Serious challenges face our university. The board badly needs new blood and redirection. Yet, we must still rely on the considerable advantages of life and professional experiences. Two valuable attributes I bring to this responsibility are well-directed advocacy, and insight into effectively engaging state officials and legislators. Twenty-six years in top legislative leadership taught me valuable skills that apply here: Bringing people with differing interests together for results. Regrouping and forging ahead after suffering setbacks.
As state senator, I was a foremost advocate for our university and students. I worked to increase funding for Penn State and for student grants and loans; was part of the team bringing about the renowned Information Science and Technology program and state-of-the-art Millennium Science Center; strongly intervened for four-year programs at the Commonwealth campuses and pushed for expanding the Penn State Hershey Medical Center. And when lobbying efforts went awry I advised on how to constructively make our case.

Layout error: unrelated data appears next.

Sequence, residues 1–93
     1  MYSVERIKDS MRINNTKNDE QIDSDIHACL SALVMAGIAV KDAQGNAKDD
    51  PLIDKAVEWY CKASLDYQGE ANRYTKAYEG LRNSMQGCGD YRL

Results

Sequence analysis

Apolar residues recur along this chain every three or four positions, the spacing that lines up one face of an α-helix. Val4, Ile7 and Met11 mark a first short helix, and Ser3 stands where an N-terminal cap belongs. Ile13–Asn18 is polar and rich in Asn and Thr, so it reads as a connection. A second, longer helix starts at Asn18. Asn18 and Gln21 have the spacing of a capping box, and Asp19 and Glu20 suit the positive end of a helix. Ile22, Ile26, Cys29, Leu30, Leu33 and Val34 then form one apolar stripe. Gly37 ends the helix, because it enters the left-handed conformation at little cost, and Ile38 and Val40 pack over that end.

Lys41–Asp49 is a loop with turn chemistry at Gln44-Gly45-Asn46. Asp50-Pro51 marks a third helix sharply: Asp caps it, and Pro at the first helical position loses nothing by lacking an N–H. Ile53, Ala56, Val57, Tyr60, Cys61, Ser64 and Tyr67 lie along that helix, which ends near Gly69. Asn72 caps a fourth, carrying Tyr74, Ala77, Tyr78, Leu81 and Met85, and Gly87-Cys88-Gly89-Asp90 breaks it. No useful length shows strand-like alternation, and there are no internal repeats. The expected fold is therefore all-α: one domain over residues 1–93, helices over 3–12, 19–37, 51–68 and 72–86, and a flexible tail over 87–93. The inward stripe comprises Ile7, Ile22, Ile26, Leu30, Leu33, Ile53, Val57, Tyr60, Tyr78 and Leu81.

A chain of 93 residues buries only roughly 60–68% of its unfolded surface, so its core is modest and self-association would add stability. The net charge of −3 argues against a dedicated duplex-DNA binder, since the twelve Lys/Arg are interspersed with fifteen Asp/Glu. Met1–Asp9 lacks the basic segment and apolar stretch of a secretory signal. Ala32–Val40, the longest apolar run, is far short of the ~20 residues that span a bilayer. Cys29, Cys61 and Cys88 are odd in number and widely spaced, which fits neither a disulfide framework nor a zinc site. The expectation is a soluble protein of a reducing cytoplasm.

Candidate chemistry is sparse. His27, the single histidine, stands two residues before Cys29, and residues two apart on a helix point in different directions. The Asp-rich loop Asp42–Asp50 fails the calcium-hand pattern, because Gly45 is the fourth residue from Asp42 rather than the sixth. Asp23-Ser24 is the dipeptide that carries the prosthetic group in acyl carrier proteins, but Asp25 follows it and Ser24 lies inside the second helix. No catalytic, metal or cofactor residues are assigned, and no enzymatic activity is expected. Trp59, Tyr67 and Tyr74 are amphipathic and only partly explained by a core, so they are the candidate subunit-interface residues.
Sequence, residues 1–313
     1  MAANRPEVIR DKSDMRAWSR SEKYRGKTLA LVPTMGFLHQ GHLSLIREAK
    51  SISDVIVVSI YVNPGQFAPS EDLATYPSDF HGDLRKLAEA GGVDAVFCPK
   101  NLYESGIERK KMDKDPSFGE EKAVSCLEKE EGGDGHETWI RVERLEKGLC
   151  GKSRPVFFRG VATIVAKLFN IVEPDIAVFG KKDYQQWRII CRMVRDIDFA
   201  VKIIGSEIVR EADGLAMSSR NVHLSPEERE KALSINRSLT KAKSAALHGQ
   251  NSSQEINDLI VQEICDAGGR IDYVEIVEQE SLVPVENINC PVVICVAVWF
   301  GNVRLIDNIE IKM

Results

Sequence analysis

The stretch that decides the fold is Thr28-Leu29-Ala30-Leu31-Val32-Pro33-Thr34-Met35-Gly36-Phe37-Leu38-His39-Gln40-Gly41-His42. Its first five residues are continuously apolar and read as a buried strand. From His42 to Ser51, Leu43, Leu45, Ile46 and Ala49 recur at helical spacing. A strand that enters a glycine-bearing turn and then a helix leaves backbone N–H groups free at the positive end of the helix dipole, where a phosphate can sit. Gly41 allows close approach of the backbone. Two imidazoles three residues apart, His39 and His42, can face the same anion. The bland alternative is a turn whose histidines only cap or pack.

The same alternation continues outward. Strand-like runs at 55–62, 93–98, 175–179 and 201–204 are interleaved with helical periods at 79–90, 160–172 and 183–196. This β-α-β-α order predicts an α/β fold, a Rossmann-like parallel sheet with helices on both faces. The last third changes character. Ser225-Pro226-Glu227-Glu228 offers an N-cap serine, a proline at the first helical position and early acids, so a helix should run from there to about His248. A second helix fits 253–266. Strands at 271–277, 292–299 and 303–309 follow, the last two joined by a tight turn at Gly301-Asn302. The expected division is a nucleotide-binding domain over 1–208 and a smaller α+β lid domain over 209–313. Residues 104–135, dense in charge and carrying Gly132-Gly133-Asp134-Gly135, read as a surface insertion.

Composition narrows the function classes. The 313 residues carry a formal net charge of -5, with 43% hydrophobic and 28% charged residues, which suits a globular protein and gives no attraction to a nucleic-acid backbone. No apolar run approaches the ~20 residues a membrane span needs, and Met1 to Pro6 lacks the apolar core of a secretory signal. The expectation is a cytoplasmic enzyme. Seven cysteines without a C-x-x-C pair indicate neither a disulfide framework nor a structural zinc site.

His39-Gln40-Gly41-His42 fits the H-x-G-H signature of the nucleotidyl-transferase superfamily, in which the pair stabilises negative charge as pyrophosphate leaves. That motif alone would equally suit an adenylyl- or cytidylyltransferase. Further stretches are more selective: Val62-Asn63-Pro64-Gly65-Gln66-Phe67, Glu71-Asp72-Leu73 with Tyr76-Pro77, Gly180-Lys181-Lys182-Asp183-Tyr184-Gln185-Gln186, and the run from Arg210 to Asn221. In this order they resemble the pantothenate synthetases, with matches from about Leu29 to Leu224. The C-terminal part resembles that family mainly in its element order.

Penn State has not ably conveyed the remarkable academic and research attributes that make our university a renowned leader. The public believes Penn State puts athletics first because that is what they read. The university needs to remind people what powerful economic engines main campus and its Commonwealth campuses are, and how much graduates give back. The chance to contribute to a brighter PSU future and restore pride is exciting and energizing.
It would be an honor to serve the alumni on the board during these difficult times. We are! And we always will be.